Selfie Culture: Are We Too Addicted To Our Phones?

Person taking selfie outsideSource: Pixabay

Whether its posting on social media platforms or browsing through search engines, every day there are billions of people around the world who are active online. Statistics from the Data Reportal earlier this year found that there are over 3.725 billion social media users active around the world.

With the growth of popular social media channels such as Twitter and Instagram, many more people are now sharing their lives online and logging in daily to check up on news feeds, new content, and what their friends are up to. According to the Office of National Statistics in the UK, around 87% of all adults used the internet daily, or almost every day, this year. But what we go online for varies from person to person.

Online content activities:

% of internet users who consume each kind of content via the internet each month (survey)

  • 91% watch online videos
  • 51% watch vlogs
  • 69% use music streaming services
  • 47% listen to online radio stations
  • 40% listen to podcasts

(Data Reportal, October 2019)

The Rise Of The Selfie

Person taking selfieSource: Pixabay

‘A selfie (/ˈsɛlfi/) is a self-portrait digital photograph, typically taken with a digital camera or smartphone, which may be held in the hand or supported by a selfie stick. Selfies are often shared on social media, via social networking services such as Facebook, Twitter, Snapchat, and Instagram.’

Back in the day, personal photographs used to be stored in picture albums or on our computers. Now, with the rise of social media channels such as Instagram, many of us are choosing to share our personal photos or ‘selfies’ online instead. Selfies can not only help us capture our outfit of the day, but can also help us capture memorable moments that we don’t want to forget. Many of us might take selfies of moments and locations that we want to remember in the future such as graduations, births, and weddings.

Why Do We Take Selfies?

  • To get likes/increase our social status online
  • To make us more popular
  • To make us feel better
  • To boost our self-confidence
  • To copy others
  • To create memories

(USA Today, 2019)

Although many different age groups access social media channels and post selfies, a lot of us are still aware of the negative associations. In the UK Ofcom report, ‘Children and parents: Media use and attitudes’ released in early 2019, 78% of 12-15 year olds felt that there was a pressure to look popular online.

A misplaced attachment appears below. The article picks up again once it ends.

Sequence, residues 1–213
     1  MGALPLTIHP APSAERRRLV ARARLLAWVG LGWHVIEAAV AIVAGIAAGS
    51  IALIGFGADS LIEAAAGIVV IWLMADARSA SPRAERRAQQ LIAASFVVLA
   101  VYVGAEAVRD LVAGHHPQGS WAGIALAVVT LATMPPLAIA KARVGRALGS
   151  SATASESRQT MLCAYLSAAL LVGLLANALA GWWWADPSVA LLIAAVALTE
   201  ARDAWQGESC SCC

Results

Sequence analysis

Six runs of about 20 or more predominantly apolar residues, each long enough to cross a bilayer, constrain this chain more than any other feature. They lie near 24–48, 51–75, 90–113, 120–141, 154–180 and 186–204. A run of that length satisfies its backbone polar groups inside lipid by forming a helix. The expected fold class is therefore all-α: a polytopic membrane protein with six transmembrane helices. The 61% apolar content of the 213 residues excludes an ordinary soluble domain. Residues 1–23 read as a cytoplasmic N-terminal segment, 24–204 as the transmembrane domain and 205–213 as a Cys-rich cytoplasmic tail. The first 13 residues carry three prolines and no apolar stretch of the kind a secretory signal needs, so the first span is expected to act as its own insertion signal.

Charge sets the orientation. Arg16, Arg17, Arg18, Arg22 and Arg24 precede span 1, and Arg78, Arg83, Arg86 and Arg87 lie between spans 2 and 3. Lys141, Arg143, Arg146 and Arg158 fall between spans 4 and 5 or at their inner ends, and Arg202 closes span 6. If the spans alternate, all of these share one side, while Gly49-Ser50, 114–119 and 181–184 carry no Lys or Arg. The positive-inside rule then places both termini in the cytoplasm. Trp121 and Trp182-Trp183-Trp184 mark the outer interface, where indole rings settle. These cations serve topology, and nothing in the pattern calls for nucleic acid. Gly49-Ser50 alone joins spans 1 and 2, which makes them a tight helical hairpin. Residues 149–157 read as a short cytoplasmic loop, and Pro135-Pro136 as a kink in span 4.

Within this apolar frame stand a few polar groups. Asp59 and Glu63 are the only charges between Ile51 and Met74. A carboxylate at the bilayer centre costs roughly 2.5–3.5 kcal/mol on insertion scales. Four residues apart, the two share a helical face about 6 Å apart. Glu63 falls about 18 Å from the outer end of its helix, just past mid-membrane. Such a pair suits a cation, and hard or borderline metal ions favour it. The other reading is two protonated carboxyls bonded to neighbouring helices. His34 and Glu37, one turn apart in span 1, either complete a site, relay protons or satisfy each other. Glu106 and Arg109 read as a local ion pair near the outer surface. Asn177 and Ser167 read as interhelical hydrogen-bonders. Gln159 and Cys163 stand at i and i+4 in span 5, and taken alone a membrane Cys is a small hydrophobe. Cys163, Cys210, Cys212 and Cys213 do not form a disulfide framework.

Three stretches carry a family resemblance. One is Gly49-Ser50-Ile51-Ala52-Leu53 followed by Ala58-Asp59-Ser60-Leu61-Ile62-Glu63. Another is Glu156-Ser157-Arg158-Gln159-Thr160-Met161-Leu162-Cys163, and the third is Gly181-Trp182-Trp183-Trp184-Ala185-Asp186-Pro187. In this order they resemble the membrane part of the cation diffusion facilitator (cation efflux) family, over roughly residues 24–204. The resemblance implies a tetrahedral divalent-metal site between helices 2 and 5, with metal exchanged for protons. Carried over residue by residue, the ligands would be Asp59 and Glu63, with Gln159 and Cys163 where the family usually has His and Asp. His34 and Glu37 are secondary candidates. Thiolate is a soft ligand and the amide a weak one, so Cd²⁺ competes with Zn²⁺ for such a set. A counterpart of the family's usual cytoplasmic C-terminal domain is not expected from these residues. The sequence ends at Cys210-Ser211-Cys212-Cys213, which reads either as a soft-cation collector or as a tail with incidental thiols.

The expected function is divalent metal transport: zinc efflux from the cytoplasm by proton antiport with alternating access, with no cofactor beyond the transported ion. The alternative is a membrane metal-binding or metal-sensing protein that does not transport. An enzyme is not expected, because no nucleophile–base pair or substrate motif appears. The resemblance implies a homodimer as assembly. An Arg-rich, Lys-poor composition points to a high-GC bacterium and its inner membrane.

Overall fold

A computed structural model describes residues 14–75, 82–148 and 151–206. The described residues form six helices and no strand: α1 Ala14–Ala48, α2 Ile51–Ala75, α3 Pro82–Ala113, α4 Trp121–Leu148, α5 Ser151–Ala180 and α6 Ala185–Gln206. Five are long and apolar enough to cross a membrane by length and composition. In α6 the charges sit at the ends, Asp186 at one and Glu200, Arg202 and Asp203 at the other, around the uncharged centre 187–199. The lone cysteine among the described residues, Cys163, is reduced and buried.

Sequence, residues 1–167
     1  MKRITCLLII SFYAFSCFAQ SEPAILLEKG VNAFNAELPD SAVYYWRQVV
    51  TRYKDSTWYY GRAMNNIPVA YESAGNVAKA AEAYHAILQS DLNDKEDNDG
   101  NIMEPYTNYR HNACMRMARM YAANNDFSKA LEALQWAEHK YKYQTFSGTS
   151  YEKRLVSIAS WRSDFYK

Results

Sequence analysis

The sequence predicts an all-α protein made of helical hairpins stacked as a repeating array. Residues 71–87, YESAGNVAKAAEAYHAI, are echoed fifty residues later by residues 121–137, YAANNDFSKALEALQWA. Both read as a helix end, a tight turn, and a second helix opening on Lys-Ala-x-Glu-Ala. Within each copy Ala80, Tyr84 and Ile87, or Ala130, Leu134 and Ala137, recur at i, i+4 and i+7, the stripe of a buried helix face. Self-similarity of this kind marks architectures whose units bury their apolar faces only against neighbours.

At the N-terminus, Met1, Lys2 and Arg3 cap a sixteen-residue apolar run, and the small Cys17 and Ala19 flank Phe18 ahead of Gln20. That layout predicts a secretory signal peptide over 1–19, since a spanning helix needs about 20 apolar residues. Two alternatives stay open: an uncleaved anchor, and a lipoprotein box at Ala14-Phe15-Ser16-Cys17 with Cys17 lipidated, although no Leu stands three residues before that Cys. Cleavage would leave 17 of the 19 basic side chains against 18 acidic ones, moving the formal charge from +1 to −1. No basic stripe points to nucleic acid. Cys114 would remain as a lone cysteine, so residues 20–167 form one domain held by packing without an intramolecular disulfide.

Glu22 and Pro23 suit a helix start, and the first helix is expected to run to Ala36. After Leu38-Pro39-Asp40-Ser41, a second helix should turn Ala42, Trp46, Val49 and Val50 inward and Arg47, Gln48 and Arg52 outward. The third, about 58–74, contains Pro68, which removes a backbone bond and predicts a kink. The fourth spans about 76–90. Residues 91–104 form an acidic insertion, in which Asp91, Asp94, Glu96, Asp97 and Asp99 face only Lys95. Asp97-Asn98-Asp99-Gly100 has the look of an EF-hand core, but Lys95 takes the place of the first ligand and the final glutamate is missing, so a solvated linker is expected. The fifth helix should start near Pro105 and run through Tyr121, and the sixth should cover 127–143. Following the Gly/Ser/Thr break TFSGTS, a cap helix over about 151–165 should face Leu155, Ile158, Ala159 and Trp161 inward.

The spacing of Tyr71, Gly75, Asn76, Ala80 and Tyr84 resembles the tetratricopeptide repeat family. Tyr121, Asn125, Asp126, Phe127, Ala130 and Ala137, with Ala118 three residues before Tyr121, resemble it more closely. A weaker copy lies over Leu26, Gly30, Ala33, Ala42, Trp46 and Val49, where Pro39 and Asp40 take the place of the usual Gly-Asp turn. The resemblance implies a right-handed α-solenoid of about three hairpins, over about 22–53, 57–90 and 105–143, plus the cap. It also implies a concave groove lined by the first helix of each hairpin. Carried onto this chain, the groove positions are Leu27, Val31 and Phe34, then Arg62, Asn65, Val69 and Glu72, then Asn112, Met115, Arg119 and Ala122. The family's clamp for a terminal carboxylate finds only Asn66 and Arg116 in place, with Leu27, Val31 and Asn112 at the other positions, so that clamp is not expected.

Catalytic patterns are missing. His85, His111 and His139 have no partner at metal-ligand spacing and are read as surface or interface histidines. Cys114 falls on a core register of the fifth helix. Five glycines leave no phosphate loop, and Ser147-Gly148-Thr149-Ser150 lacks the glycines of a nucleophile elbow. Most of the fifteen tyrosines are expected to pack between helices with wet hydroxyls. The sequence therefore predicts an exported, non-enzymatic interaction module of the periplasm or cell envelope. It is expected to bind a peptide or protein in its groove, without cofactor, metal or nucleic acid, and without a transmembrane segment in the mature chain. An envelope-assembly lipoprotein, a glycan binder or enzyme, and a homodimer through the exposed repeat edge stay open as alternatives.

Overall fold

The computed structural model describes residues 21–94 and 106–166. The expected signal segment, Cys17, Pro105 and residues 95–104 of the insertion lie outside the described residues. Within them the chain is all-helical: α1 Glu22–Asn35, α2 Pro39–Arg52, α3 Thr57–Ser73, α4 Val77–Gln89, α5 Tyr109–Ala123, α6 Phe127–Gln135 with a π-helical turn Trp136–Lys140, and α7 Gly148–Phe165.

These pressures were felt the most among females. The research found that young girls were starting to choose more ‘glamourised’ and ‘aesthetic’ filters on Snapchat rather than animal filters that had been previously used in past survey results. Although some respondents felt the pressures of social media, many were still aware that posts on social media do not always reflect real life.

How Long Do We Spend Online Each Day?

Man taking nature selfieSource: Pixabay

Whether you are playing online casino games or you are updating your Facebook status, how long do you spend online each day? 10 minutes? A couple of hours?

Earlier this year, Digital Information World covered a report by the Global Web Index about just how much time the global population spends using social media. People aged 16-24 spent the most time per day online and spent approximately 03:01hrs on social networks on a typical day.

Engaging and connecting with social networks/services during a typical day:

  • 16-24s spend 3 hours 1 min per day on social media (3:01)
  • 25-34 (2:37)
  • 35-44 (2:04)
  • 45-54  (1:39)
  • 55-64 (1:13)

(Global Web Index, 2019)

There is also further online research that shows how much time children are spending online too. Children aged 12-15 are even spending over 20 ½ hours a week online, mainly for watching funny videos or music videos. Research also found that there are even children aged 3-4 that are spending multiple hours a week online.

Children who go online

  • 3-4s: 52% go online, for around 9 hours a week
  • 5-7s: 82% go online, for around 9 ½ hours a week
  • 8-11s: 93% go online, for around 13 ½ hours a week
  • 12-15s: 99% go online for 20 ½ hours a week.

(Ofcom, 2019)

Are We Becoming A Society That Simply Can’t Switch Off?

SelfiestickSource: Pixabay

Using our mobile data or accessing free Wi-Fi means that we can now access the internet while we are out and about, meaning we can easily spend much more time than we should with our eyes on our phone screens. Phone usage can also start to impact our sleep patterns, especially when we leave our phones on charge by our bedside.

  • 12-15s
  • 83% have their own smartphone
  • 69% have a social media profile
  • 71% who own a mobile are allowed to take it to bed with them

(Ofcom, 2019)

As many of us spend hours per day on our phones, it can sometimes start to negatively impact our health. Instead of leaving our devices alone for a while or simply switching them off, many of us carry on using our phones throughout the entire day.

Do you think people have become addicted to their phones?

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